September 12, 2017
A recent article published by the European Commission revealed that a study undertaken by an EU-funded project has revealed weak links in the e-waste supply chain, despite the presence of a decade’s worth of EU legislation surrounding this issue.
According to the €2 million ($2.3 million) study, which ran from September 2013 to August 2015, a mere 35 percent of all e-waste in the EU was collected and recycled in 2012, with the remaining 65 percent being “either recycled under non-compliant conditions in Europe”, “thrown into waste bins” or exported.
The project’s scientific coordinator, Jaco Huisman of the United Nations University, said, “This means that a total of 4.65 million tonnes is wrongfully mismanaged or illegally traded within Europe itself.” He went on to add, “The widespread scavenging of both products and components and the theft of valuable components such as circuit boards and precious metals from e-waste, means that there is a serious economic loss of materials and resources directed to compliant e-waste processors in Europe.”
The study, which included case analyses of criminal activities, revealed various vulnerabilities located throughout the supply chain, including lack of required permits, theft, violations of WEEE trade regulations and false load declarations, as well as issues with prosecution and sentencing.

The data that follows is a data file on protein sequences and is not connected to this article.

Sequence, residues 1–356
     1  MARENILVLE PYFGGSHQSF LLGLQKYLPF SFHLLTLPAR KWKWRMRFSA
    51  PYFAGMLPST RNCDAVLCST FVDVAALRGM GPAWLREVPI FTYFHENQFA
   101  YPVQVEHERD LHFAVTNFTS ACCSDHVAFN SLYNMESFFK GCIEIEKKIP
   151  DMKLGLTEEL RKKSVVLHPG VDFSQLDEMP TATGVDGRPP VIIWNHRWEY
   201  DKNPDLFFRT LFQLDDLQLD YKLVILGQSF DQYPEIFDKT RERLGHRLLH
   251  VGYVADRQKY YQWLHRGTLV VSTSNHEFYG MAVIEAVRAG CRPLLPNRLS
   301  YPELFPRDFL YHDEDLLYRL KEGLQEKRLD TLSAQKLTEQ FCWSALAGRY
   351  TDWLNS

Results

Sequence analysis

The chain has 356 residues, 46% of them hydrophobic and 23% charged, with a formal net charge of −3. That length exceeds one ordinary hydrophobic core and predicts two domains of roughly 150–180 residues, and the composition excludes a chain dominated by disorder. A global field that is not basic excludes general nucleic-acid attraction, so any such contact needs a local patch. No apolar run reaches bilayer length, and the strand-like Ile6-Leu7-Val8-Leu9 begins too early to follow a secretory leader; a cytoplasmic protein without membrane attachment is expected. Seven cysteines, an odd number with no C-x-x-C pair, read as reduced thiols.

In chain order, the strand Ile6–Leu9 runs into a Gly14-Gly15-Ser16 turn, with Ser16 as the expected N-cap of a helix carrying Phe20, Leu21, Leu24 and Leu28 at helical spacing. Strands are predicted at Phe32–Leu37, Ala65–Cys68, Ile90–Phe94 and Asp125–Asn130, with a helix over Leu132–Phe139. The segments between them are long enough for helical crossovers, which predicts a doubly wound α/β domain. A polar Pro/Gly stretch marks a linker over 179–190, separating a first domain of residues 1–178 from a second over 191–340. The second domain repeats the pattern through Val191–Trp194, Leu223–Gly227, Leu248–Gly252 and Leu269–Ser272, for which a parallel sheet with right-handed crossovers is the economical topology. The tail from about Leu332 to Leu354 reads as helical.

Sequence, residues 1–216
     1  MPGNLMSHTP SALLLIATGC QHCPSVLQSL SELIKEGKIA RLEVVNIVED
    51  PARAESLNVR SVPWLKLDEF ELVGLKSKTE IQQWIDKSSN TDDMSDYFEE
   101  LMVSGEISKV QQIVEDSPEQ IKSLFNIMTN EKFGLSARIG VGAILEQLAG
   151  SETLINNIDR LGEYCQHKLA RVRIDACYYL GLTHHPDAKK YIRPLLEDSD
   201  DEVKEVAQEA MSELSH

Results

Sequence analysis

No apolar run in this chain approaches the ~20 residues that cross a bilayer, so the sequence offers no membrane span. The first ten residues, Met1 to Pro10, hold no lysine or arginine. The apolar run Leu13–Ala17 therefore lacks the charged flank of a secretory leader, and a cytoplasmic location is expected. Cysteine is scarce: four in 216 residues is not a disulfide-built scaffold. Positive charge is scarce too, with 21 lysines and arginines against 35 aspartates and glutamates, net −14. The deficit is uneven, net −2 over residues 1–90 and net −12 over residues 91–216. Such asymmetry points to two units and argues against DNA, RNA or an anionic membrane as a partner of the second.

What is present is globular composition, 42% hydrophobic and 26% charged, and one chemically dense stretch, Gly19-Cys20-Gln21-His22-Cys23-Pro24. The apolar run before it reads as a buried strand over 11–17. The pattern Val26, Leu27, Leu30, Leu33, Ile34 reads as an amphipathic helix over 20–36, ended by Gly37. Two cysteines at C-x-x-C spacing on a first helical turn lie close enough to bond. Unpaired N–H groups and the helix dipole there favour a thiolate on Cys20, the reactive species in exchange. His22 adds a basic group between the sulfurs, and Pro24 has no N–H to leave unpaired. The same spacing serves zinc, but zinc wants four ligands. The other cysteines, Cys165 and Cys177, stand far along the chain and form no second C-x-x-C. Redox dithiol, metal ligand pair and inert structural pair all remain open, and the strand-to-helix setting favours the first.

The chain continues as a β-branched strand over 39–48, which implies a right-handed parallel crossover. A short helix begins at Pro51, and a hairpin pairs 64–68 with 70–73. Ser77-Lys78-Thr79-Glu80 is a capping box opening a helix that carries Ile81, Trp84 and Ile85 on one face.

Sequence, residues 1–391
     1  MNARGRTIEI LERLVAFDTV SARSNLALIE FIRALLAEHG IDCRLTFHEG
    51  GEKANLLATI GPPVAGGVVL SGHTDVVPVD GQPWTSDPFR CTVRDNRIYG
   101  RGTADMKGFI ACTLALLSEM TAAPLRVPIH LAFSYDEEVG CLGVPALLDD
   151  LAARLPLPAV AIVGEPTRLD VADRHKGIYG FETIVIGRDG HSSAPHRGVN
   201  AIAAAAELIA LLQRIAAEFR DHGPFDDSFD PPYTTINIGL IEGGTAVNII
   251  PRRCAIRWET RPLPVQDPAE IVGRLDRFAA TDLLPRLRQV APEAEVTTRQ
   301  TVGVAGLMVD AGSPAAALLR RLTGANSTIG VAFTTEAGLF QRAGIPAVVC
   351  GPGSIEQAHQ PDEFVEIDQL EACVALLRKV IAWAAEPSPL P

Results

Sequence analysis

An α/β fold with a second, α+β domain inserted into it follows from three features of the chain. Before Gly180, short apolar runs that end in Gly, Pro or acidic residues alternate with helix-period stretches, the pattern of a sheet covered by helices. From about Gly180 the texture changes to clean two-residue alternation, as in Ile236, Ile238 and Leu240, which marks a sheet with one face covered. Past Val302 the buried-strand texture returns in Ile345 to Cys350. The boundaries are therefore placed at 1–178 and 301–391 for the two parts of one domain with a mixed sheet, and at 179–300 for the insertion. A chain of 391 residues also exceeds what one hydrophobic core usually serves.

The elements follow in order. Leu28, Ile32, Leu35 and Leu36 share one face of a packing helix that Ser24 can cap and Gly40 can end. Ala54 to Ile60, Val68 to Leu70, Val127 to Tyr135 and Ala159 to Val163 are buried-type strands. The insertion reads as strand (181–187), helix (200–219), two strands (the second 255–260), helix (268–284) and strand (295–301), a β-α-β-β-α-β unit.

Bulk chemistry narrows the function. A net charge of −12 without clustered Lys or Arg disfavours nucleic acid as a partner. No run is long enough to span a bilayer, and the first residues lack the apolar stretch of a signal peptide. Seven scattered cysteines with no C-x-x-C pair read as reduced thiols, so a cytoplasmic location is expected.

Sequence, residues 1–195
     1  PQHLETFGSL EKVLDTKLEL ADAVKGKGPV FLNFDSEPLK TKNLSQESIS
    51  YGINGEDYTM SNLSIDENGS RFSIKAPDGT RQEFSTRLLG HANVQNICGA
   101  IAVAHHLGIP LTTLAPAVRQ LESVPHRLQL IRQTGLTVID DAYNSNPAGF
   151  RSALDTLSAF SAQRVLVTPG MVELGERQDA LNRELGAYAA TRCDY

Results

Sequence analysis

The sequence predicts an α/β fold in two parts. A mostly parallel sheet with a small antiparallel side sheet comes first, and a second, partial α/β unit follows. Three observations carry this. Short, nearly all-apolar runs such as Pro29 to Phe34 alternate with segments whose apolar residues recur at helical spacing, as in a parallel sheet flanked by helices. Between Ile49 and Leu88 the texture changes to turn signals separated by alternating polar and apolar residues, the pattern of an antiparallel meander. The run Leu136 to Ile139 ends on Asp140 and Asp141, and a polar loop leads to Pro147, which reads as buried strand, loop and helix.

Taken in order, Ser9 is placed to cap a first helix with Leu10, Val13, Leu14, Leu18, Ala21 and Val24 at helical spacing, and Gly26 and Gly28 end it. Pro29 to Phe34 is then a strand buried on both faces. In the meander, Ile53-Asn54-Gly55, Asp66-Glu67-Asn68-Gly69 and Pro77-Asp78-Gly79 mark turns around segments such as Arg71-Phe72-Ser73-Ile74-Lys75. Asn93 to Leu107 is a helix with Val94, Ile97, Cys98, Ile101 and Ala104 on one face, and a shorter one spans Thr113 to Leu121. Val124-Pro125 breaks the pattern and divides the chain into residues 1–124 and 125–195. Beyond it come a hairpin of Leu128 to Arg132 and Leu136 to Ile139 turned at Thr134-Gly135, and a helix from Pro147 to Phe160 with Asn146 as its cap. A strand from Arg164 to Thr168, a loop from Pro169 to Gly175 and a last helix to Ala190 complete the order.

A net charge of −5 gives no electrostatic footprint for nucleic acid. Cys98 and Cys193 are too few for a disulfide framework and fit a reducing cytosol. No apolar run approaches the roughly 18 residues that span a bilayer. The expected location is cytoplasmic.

Interpol’s Ioana Botezatu commented that, in the wake of this study, “A recommendation roadmap with short, medium and long-term recommendations has been developed, with the aim of reducing illegal trade through specific actions.”
Since the conclusion of the project, known as CWIT, a number of “implementable measures” have been put into effect, according to Pascal Leroy, secretary general of the Waste Electrical and Electronic Equipment (WEEE) Forum. “Several legislative suggestions have already been taken on board by member states,” he said, “including a ban on cash transactions in the scrap metal trade and a reporting model that includes mandatory treatment and reporting of WEEE in accordance with improved standards.”
In addition, the DOTCOM Waste Project has been set up as “a direct follow-up” to CWIT, aiming to “develop dedicated training materials for law enforcement agencies”.
The EC’s article concluded with a statement from Botezatu, who said, “We hope that this project has opened policymakers’ eyes and showcased how fact-based research, coordination and support actions are instrumental in implementing waste legislation.”
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